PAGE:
Half Past the Blues
Among the 10 tracks, standouts include "You Bought Your Ticket (Take a Ride)," whose vocal harmonies and slide-propelled tempo bring to mind the Southern-flavored rock of '70s era Clapton/Delaney & Bonnie collaborations. Lots of bass-plunking funk, an obligatory ode to innuendo, "Dill Pickle and a Peppermint Stick" (no need to overtax your imagination) and seamless horn arrangements round out the set. He is perhaps most effective when the tempo slows down for a rare ballad such as "Something is Worrying My Baby," which he shapes into a more personalized and distinctive expression.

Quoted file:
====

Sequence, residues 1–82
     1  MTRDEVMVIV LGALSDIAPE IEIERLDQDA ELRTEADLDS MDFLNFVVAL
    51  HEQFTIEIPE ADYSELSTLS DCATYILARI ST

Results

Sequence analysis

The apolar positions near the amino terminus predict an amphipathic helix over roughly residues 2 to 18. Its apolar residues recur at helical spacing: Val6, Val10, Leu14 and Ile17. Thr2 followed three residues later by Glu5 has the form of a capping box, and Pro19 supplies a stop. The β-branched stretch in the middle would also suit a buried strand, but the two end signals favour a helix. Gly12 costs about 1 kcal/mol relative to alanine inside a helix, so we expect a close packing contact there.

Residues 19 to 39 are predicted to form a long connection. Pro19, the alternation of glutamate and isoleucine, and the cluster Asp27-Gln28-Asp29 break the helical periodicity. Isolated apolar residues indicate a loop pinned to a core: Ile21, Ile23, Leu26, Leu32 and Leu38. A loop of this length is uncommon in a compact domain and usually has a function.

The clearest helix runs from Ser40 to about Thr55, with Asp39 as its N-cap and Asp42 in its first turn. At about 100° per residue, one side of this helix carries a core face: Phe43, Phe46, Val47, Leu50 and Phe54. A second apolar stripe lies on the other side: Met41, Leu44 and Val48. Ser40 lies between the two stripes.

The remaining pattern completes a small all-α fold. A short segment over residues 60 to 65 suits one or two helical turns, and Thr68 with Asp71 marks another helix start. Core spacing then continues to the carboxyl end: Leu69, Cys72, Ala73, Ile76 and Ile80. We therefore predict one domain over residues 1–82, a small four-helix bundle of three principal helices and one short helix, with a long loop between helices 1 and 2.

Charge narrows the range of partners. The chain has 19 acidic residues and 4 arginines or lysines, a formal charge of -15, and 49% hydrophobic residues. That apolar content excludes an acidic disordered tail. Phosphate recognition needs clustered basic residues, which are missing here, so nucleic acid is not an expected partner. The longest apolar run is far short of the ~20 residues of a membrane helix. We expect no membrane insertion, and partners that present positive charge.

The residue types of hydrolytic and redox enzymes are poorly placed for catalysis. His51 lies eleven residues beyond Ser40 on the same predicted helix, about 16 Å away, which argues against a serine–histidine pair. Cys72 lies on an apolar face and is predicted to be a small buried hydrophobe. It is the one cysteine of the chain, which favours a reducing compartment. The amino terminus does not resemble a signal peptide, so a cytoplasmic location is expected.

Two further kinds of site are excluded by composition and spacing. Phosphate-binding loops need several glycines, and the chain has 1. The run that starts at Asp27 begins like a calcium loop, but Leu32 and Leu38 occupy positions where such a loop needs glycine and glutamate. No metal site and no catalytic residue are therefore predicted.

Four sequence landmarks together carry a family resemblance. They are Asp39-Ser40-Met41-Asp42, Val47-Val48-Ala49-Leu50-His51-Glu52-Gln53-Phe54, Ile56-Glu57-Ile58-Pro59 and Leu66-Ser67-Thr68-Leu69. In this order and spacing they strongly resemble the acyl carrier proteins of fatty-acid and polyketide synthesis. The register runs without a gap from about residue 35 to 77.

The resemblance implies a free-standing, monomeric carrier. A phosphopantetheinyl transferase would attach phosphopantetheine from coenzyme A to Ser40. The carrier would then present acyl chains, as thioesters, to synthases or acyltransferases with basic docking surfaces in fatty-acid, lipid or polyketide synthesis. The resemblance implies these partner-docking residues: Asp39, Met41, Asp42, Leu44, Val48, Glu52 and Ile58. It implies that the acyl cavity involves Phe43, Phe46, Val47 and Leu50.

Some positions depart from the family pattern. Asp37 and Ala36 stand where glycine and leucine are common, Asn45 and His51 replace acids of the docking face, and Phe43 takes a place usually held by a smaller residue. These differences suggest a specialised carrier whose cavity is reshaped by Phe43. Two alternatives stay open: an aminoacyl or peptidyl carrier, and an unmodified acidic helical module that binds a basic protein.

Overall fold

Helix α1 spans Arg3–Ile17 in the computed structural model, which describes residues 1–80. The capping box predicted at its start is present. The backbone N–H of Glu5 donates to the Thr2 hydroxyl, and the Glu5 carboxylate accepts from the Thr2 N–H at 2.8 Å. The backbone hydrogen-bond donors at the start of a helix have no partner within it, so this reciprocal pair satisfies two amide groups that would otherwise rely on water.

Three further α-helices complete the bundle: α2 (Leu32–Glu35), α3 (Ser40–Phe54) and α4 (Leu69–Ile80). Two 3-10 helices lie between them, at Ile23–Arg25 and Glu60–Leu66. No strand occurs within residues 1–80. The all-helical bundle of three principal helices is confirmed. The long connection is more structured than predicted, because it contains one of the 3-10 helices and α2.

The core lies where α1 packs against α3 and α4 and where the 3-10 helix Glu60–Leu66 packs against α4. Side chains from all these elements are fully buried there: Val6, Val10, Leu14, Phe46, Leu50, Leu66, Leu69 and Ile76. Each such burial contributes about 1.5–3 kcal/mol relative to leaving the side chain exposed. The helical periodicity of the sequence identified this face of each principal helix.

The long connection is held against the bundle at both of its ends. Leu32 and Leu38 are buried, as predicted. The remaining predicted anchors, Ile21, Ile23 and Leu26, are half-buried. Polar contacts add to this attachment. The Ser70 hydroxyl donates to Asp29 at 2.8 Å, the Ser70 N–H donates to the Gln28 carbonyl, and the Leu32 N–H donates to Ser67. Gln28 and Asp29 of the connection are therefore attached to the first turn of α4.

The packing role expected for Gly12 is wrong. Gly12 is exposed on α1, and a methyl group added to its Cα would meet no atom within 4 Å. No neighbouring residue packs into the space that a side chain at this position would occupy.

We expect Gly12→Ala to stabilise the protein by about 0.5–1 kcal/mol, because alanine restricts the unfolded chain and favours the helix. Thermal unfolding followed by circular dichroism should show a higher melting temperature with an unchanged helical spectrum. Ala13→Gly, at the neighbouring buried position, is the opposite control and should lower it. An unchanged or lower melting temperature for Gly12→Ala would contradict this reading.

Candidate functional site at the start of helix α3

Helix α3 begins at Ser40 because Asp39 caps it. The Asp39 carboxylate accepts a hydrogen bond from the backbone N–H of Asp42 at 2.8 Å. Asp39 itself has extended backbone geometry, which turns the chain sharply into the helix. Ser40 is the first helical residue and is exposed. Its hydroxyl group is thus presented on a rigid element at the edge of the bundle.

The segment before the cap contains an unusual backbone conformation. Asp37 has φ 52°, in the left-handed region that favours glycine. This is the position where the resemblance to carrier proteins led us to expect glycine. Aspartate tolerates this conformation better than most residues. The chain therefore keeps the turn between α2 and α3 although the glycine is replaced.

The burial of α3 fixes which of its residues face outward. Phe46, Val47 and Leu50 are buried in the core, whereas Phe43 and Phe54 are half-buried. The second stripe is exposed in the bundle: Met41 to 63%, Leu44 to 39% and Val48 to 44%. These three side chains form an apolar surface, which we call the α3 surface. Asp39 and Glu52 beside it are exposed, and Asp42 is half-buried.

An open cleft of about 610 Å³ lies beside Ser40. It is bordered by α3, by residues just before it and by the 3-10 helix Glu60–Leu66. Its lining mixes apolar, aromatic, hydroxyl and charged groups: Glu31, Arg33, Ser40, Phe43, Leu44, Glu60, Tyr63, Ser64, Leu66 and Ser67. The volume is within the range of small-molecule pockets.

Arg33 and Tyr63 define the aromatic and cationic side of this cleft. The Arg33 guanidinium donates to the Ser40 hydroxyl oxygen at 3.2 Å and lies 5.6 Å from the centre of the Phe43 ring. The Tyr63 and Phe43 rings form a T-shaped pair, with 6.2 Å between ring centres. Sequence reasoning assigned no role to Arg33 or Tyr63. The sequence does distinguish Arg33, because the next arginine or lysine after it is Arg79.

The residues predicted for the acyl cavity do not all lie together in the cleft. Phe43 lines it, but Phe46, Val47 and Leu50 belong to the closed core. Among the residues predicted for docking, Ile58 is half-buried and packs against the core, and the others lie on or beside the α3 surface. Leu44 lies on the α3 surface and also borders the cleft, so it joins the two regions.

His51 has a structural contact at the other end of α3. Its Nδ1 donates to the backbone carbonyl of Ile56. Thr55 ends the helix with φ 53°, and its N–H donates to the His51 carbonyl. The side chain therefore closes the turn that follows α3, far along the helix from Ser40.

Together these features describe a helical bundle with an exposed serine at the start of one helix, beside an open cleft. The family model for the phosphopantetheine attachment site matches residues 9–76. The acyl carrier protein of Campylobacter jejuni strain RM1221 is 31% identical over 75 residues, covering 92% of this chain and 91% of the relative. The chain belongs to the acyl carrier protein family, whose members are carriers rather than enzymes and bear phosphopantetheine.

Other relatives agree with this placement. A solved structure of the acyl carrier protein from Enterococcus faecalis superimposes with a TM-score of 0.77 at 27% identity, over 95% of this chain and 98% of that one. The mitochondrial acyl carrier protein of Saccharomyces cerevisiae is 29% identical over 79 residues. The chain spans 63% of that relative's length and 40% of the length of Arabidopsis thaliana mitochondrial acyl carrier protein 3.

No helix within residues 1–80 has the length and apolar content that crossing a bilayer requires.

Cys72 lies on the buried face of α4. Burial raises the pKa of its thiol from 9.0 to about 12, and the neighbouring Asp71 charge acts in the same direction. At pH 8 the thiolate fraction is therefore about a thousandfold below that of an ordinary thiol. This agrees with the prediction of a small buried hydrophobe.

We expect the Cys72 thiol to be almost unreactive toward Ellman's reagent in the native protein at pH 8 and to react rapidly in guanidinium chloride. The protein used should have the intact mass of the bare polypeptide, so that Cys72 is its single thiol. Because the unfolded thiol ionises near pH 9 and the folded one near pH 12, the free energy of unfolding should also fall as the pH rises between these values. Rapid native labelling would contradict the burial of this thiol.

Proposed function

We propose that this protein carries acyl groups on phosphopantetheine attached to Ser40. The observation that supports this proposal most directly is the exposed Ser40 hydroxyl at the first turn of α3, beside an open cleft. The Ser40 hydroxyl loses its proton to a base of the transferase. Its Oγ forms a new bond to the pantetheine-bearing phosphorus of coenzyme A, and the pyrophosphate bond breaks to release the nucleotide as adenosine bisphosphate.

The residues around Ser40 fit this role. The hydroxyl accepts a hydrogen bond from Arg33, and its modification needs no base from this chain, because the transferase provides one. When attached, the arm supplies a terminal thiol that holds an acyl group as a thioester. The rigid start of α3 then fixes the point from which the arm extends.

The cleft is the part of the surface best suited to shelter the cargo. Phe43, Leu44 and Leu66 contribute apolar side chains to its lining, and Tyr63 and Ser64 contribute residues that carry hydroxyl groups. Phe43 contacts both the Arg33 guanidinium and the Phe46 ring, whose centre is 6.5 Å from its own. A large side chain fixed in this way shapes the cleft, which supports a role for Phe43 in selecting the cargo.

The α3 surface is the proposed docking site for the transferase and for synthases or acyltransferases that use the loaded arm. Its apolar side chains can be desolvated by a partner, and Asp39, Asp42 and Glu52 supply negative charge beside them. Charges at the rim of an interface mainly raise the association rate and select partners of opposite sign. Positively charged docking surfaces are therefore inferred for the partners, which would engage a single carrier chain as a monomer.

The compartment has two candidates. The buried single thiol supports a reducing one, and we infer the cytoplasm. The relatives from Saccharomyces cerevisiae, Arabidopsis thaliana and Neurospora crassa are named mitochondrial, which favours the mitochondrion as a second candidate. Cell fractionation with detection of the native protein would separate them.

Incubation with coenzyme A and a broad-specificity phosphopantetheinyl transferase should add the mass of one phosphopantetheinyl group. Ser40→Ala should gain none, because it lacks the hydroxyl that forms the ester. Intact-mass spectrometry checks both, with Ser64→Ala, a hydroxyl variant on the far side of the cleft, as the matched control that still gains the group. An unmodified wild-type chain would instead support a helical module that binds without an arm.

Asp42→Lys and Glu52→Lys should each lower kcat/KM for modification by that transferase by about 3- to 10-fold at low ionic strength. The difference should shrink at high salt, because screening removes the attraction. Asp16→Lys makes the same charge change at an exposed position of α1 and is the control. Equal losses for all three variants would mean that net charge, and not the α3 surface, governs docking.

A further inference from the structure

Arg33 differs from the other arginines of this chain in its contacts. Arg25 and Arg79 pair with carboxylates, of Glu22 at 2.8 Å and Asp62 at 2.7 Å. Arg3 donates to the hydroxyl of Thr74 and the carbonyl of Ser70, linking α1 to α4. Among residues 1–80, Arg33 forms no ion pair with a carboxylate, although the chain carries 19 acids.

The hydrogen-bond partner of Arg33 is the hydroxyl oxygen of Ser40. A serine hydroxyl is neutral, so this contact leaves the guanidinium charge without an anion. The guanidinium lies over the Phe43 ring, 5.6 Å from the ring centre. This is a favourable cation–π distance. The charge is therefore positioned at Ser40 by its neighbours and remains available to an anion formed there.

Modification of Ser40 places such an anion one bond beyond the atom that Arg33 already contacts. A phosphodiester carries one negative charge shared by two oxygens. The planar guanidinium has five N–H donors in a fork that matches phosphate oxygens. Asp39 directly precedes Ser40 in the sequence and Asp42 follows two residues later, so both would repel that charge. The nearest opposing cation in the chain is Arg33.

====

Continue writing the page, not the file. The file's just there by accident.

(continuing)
While Vernon Garrett clearly has vocal talent to spare, this album left me largely unmoved and uninterested. The source of this disappointment can be traced to the often trite and at best undistinguished songwriting, a flaw that plagues much of the current "soul" output. Where are today's "Tenderness," or "Love and Happiness," or "A Change Is Gonna Come" or "When a Man Loves a Woman"? This problem is compounded by the sameness of arrangements, production, musicians, etc. that tends to now define a label's sound. While the same could be said of the great studios of the past like Stax and Hi, the artistry and in particular the songwriting they were blessed with left us some timeless music. Twenty years from now, I doubt the same will be said of the present material.
-- Jack Oudiz